Results from LR were more polarised. Point counts proved very effective, detecting 72% of all known species. Mist-netting, however, was extremely poor, detecting just 5% of the known bird community. While netting survey effort was less than that employed in CNP, the low capture success rate still demonstrated the ineffectiveness of employing ground-level mist nets in forest ecosystems where population density is generally low and most species occur at mid-level or canopy level forest strata.

This research indicates that local forest structure and bird community composition can have a strong influence on the effectiveness of common survey methods. These results will be refined following a more detailed methodological study in LR in the near future.

However, preliminary results suggest that biologists undertaking surveys in relatively unknown ecosystems could benefit from conducting a series of preliminary methodological studies before implementing large-scale survey work, in order to ensure they are using the most efficient combination of methods available to them. This in likelihood applies to other taxonomical groups as well as birds.

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2 Responses to “Surveying birds in tropical forests: comparing two methods in two widely-separated ecosystems”

  1. Hey Tom – this is extremely helpful! My lab has worked different techniques like this in relatively un-sampled habitats. This article gives a nice foundation for thinking about what they have and approaching the next situation.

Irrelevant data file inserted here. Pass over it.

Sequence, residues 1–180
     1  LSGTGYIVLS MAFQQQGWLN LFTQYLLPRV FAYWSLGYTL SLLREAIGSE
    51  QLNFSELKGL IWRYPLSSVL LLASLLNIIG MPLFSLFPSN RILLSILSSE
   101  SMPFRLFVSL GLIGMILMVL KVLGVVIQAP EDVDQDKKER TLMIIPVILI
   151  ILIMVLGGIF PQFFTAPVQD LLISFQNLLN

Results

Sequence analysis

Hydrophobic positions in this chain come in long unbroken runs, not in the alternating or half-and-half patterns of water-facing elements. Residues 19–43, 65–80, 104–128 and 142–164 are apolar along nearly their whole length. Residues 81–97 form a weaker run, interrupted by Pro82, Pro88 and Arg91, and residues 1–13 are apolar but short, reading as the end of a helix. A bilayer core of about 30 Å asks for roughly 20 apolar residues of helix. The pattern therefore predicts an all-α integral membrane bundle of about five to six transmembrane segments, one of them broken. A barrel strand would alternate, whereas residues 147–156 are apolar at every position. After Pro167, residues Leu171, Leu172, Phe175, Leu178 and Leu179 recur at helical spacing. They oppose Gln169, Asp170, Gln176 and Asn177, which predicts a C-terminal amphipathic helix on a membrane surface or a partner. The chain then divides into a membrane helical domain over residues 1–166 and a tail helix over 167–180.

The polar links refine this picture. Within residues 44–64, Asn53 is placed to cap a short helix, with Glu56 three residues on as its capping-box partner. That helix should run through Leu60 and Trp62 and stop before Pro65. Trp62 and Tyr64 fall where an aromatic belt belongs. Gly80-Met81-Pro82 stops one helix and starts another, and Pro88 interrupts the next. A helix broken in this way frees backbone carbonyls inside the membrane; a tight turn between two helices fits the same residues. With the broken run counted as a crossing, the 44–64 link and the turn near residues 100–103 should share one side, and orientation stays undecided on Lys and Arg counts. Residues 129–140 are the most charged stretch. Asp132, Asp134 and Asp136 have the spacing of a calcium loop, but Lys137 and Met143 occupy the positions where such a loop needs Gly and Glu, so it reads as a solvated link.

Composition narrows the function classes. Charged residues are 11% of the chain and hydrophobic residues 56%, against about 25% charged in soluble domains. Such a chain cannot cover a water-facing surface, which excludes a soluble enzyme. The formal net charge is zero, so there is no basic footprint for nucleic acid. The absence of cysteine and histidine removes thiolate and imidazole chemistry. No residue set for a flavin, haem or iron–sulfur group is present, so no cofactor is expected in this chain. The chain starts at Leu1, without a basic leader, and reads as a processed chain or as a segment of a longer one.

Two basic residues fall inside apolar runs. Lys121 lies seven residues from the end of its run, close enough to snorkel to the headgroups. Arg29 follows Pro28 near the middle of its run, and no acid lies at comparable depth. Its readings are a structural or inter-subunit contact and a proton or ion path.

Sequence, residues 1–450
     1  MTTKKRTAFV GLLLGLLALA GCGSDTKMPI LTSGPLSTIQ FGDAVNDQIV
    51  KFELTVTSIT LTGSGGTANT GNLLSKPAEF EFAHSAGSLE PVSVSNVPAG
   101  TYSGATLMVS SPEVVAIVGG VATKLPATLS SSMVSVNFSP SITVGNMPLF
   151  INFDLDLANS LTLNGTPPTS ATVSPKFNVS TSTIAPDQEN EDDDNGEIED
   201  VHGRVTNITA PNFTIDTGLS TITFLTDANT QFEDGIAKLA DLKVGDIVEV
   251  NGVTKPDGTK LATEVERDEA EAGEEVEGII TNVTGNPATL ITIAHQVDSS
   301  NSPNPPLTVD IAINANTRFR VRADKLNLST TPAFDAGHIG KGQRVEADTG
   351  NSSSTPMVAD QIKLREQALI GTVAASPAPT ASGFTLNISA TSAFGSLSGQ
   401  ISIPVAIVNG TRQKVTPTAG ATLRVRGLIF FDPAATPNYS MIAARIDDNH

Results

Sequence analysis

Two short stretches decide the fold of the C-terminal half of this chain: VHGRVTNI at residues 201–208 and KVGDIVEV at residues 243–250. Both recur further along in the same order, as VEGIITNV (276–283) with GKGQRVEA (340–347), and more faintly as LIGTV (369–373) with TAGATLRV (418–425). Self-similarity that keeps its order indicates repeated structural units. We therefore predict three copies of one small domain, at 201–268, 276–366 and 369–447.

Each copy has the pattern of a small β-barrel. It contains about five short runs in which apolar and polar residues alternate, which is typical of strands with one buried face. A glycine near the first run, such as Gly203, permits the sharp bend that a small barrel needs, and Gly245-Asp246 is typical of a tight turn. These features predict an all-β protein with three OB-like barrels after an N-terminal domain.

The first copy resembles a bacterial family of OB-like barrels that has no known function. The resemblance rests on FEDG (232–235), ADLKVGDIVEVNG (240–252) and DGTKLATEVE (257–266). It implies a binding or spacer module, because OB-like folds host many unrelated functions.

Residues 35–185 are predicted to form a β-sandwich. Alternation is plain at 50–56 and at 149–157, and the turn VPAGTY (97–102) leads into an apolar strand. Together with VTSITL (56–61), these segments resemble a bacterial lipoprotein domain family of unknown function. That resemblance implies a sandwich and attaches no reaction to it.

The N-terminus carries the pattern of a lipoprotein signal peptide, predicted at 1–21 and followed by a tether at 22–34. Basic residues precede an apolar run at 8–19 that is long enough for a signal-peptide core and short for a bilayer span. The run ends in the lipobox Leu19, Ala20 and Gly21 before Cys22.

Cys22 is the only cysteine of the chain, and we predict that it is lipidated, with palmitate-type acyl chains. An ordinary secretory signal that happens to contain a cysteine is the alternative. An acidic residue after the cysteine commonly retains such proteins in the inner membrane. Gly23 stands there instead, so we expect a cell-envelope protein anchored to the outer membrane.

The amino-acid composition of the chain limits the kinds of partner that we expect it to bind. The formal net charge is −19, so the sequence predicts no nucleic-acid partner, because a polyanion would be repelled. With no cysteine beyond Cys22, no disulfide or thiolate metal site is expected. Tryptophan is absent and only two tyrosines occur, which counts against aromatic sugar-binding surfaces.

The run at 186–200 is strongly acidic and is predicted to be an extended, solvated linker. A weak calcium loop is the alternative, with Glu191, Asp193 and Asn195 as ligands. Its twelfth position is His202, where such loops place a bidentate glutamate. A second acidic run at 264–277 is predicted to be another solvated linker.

I have been thinking about playback of predator mobbing events as another way to sample some cryptic species in high biodiversity areas – any thoughts?

    Katie Sieving

  2. Hi Katie – glad the article looks interesting! The results are still a little preliminary at the moment, but i hope we can expand the study into a full article after one more season of formal mist-net surveys in Indonesia.

    I think playback of predator mobbing could work very well for surveying certain cryptic species, but i think the results may vary again depending on the forest ecosystem you are surveying. Cryptic species assemblages in some of the tropical forest ecosystems Opwall has been working in have quite high ratios of small-bodied, furtive, undergrowth species that usually occur at low densities singularly or in pairs, and I would guess these might not respond as well to mobbing playback as other species groups. It might work better in temperate forests compared to tropical forests, perhaps. Still, even if it doesnt work for every single cryptic species, it could still work well for a good proportion, and any method that can boost the detectability of any cryptic species at all would definatly be extremely useful!